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Giki's new 'palm oil detector' will enforce transparency along palm oil supply chain

Social enterprise Giki's new app will help customers enforce upstream sustainability practices

Giki is a social enterprise, focused on raising awareness of the unsustainability inherent in the majority of the palm oil industry. According to the company site, only 17% of palm oil contained within 26,310 products catalogued by Giki is sourced sustainably.

In February, British-Dutch consumer goods company Unilever announced it would be the first company of its kind to disclose the mills and suppliers a the upstream and procurement end of its chain. In a statement, Unilever admitted: “the palm oil supply chain is long and complex, with the palm oil changing hands many times before it reaches our factories. The fruit is grown on plantations where farmers sell their produce to middle men and agents. They in turn supply it to a mill where the fruit bunches are processed. Next it is transported via traders to refineries for further processing. Only after this point does it enter our direct supply chain.”

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This week, Business Green reported on Giki’s new ‘palm oil detector’, software built into the company’s app that checks whether a product has been sourced sustainably. According to the report, “the detector has been developed in collaboration with WWF, and gives products a 'sustainable palm oil' stamp if they have been made with palm oil traced from sources certified by the Roundtable on Sustainable Palm Oil and the company has a commitment, by 2020, to achieve sustainable palm oil across their supply chain.”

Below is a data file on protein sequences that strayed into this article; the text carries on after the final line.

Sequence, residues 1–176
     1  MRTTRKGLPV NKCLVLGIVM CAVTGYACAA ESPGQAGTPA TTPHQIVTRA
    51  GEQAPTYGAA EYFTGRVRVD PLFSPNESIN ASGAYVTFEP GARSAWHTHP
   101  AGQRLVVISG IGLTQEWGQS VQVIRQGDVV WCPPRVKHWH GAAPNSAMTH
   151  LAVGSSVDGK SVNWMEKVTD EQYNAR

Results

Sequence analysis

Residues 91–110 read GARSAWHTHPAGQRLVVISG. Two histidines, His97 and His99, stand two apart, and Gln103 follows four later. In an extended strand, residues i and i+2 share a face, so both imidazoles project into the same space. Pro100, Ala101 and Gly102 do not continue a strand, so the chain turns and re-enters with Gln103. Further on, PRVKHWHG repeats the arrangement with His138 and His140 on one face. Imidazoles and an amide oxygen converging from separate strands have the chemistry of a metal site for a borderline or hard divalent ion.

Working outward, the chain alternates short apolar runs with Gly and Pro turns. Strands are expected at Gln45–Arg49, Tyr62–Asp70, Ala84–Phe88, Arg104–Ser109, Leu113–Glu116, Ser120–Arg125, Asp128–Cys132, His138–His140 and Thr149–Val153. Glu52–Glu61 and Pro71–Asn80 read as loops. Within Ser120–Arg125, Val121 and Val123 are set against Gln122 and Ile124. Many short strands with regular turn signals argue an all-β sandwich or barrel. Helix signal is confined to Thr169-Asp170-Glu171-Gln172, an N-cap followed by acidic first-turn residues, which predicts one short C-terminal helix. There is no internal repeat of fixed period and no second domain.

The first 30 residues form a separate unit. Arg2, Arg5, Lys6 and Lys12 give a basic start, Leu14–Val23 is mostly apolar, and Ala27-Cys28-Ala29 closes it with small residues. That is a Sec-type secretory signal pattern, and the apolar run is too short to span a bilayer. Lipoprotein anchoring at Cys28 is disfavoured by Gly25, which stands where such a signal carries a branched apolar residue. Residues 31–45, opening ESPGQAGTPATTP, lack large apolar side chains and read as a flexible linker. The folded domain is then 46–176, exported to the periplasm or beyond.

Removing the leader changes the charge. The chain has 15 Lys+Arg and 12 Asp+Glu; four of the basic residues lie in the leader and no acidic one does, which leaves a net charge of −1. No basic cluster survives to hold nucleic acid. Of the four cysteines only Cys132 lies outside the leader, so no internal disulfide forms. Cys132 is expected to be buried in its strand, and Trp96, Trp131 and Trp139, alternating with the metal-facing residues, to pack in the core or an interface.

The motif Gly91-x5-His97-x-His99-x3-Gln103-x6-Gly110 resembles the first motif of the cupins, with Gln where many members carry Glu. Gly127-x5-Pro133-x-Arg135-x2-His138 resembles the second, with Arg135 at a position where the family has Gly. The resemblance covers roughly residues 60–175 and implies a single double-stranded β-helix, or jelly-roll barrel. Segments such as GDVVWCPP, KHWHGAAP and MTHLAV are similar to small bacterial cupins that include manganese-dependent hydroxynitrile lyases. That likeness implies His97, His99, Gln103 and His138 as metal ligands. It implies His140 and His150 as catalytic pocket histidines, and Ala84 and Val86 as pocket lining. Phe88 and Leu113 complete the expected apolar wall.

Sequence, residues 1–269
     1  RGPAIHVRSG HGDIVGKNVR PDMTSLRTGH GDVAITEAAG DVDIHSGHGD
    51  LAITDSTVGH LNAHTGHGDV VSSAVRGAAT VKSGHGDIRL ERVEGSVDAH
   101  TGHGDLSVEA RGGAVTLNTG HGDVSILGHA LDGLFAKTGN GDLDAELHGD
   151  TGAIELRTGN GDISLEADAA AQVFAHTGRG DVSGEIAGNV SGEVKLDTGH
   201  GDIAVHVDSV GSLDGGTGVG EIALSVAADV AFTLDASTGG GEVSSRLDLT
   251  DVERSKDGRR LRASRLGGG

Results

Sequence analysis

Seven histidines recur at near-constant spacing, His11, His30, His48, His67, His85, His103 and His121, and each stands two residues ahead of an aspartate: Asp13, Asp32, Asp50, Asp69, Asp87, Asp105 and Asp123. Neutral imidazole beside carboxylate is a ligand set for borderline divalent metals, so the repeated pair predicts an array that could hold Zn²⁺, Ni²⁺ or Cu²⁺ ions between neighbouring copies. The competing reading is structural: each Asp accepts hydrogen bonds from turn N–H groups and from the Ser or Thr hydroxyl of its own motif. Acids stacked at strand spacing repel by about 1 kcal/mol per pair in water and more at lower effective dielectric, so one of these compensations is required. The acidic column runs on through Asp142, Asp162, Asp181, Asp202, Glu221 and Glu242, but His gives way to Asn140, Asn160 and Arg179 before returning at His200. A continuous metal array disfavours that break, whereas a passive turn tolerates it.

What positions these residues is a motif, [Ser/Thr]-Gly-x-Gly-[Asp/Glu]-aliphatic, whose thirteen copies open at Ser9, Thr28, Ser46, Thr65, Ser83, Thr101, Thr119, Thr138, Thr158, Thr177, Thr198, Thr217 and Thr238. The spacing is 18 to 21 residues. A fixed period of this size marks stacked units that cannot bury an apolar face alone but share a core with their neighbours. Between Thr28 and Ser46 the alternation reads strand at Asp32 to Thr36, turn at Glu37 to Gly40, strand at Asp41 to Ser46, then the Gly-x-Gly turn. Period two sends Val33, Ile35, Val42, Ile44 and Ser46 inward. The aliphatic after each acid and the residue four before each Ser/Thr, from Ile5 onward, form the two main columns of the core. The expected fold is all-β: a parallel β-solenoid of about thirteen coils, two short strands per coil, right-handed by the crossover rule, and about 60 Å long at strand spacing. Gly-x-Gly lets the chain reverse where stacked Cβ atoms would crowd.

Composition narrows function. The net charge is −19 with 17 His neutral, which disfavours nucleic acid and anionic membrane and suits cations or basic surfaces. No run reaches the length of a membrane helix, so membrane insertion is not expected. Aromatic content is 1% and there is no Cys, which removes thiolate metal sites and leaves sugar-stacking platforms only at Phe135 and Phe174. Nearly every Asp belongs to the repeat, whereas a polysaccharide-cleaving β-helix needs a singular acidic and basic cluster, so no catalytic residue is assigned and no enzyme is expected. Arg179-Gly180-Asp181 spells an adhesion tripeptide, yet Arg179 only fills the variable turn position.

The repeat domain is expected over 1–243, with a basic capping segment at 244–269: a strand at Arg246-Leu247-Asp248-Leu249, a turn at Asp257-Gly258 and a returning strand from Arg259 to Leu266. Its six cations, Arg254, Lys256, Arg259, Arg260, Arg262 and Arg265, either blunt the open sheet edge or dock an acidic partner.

By creating tools to enforce company accountability at the customer end, Giki is empowering its customer base to become a more effective auditing tool of companies’ procurement and supply chain practices.

"We want to make it as easy as possible for everyone to buy products with sustainable palm oil," Jo Hand, co-founder at Giki said in a press release. "We have analysed the palm oil procurement practices of major brands found in supermarkets and linked that to their products such that it is now easy to see which products contain sustainable palm and which don't."

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